Perhaps the most famous communal experiment in Iowa, the Amana Colonies are seven villages in eastern Iowa. Today, they are a National Historic Landmark and the Amana name is attached to home appliances, but for decades they were home to a religious community that explored a pragmatic and successful approach to communal life.Read more
Adams, in southwest Iowa, is the state’s least populous county. It’s also home to an exceptional piece of history: Iowa’s Icarian Colony, the longest-lived non-religious communal experiment in American history. The community, near Corning, was perhaps the most successful piece of a complex effort to build a society of “one for all and all for one.”
Icaria’s 50-year journey began in France and made stops in five states before its slow dissolution in the 1890s. Although there are few physical reminders of the movement, its impact is still felt in Adams County and every other place it touched.Read more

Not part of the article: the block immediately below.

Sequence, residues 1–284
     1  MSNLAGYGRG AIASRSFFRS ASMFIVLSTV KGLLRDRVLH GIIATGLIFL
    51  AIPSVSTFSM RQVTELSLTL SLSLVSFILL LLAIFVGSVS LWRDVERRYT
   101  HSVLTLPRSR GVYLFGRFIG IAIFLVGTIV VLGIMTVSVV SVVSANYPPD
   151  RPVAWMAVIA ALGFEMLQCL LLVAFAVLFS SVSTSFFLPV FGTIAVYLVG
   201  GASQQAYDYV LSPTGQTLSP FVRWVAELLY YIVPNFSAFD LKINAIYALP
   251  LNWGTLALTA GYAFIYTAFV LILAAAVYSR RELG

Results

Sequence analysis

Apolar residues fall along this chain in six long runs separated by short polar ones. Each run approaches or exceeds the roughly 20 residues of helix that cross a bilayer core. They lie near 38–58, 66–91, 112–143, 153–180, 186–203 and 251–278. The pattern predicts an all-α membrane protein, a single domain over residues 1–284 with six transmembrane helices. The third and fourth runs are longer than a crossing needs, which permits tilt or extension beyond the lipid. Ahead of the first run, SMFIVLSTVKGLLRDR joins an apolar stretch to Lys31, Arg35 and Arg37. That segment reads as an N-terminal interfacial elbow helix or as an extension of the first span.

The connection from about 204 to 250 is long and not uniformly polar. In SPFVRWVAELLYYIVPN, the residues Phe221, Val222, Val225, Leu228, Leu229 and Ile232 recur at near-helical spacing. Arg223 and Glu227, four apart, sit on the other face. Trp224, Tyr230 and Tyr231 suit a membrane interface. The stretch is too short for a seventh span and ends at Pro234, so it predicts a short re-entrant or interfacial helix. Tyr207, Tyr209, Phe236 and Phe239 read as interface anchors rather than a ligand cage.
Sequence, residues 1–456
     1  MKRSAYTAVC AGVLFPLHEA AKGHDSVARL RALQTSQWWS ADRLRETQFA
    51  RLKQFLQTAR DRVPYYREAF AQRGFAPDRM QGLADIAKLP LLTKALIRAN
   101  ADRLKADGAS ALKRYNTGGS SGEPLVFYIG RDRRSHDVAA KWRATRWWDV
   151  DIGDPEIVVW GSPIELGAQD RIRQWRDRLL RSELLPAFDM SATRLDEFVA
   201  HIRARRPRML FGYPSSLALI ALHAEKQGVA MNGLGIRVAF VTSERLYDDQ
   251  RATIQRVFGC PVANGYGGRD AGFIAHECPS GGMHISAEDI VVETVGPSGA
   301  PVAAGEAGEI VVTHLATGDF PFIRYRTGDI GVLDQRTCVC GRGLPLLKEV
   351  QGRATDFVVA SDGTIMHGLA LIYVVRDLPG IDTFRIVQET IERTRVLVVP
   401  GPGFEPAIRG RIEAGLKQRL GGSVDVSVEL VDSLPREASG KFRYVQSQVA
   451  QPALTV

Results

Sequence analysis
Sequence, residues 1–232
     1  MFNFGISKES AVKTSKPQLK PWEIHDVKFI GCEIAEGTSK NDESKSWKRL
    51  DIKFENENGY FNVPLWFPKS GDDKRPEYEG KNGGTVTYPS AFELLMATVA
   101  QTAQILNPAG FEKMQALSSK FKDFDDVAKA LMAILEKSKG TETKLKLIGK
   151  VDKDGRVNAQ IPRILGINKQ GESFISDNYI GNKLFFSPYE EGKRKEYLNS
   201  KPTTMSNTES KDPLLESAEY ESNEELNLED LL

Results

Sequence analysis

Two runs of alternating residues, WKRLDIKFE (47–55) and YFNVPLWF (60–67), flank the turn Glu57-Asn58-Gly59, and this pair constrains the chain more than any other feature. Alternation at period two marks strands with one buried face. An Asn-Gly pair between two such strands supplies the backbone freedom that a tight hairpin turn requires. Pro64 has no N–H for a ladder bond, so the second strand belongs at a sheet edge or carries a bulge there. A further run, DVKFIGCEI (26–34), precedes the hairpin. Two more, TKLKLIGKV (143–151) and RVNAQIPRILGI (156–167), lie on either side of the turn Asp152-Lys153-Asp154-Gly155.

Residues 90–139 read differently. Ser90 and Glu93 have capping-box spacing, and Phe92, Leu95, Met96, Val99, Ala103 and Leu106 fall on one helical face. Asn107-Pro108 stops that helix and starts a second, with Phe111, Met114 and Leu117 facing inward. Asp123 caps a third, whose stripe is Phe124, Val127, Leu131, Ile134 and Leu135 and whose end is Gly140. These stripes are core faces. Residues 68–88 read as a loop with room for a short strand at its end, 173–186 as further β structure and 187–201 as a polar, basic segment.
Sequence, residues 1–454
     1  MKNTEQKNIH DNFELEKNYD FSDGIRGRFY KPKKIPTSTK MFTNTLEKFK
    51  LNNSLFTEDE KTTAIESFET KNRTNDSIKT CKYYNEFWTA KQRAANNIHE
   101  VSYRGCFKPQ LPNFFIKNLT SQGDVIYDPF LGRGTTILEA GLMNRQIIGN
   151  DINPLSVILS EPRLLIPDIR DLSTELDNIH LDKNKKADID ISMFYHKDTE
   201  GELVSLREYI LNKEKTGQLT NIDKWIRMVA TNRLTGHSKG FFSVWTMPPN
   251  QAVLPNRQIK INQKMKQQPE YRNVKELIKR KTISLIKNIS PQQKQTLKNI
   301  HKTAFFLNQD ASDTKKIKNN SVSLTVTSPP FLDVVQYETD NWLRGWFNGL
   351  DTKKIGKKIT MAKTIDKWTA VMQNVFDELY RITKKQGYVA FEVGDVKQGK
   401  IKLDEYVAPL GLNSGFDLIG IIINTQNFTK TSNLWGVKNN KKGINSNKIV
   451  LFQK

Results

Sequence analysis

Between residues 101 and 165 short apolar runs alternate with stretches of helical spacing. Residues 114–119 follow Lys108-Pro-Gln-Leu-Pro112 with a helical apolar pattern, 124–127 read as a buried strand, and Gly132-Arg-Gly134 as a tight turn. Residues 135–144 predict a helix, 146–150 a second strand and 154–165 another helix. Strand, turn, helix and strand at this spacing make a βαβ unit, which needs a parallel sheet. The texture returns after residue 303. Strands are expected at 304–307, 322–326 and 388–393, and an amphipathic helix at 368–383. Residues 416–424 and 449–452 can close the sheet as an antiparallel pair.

Ebenezer Howard’s Garden Cities have inspired almost every aspect of modern urban planning. Most suburbs, and many cities, draw on bits and pieces of the design. There are a number who have actually aspired, at least in name, to be true garden cities. It is worth noting that very few have even attempted Howard’s drastic economic and social ideas, and those that did abandoned them not long after founding.
The full list and map of “official” garden cities according to the International Garden Cities Institute, can be found here, but here I’ll just be looking at a few I find interesting.
Ask anyone who’s studied urban planning to explain the field’s history and one of the first names you’ll hear is Ebenezer Howard.
Howard was an English shorthand typist in the late 19thand early 20thcenturies. While working in Chicago, he saw the troubles of modern cities, such as rampant growth and housing shortages. He witnessed the struggle to resolve these issues in England after returning to London as a parliamentary reporter.
In his 1898 book, To-morrow: A Peaceful Path to Real Reform (reprinted in 1902 as Garden Cities of To-morrow), Howard laid out his solution: the garden city. Just five years after the book’s release, the first of these communities was founded: Letchworth Garden City, in Hertfordshire County, north of London.